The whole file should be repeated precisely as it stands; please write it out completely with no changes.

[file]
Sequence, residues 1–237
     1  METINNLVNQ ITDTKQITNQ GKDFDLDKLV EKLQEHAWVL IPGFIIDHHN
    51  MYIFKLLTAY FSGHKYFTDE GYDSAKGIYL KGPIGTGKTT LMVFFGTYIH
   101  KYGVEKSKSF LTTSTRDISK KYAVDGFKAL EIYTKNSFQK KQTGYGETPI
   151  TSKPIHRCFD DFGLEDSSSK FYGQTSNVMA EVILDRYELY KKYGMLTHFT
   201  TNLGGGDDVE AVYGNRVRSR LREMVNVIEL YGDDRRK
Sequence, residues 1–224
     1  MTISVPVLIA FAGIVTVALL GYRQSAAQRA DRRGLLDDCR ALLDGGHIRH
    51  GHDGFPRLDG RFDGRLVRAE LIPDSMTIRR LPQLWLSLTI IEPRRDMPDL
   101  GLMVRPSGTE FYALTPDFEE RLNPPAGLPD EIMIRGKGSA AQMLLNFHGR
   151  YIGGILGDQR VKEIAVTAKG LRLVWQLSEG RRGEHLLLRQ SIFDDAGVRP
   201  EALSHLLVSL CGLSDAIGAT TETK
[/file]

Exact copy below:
Sequence, residues 1–237
     1  METINNLVNQ ITDTKQITNQ GKDFDLDKLV EKLQEHAWVL IPGFIIDHHN
    51  MYIFKLLTAY FSGHKYFTDE GYDSAKGIYL KGPIGTGKTT LMVFFGTYIH
   101  KYGVEKSKSF LTTSTRDISK KYAVDGFKAL EIYTKNSFQK KQTGYGETPI
   151  TSKPIHRCFD DFGLEDSSSK FYGQTSNVMA EVILDRYELY KKYGMLTHFT
   201  TNLGGGDDVE AVYGNRVRSR LREMVNVIEL YGDDRRK
Sequence, residues 1–224
     1  MTISVPVLIA FAGIVTVALL GYRQSAAQRA DRRGLLDDCR ALLDGGHIRH
    51  GHDGFPRLDG RFDGRLVRAE LIPDSMTIRR LPQLWLSLTI IEPRRDMPDL
   101  GLMVRPSGTE FYALTPDFEE RLNPPAGLPD EIMIRGKGSA AQMLLNFHGR
   151  YIGGILGDQR VKEIAVTAKG LRLVWQLSEG RRGEHLLLRQ SIFDDAGVRP
   201  EALSHLLVSL CGLSDAIGAT TETK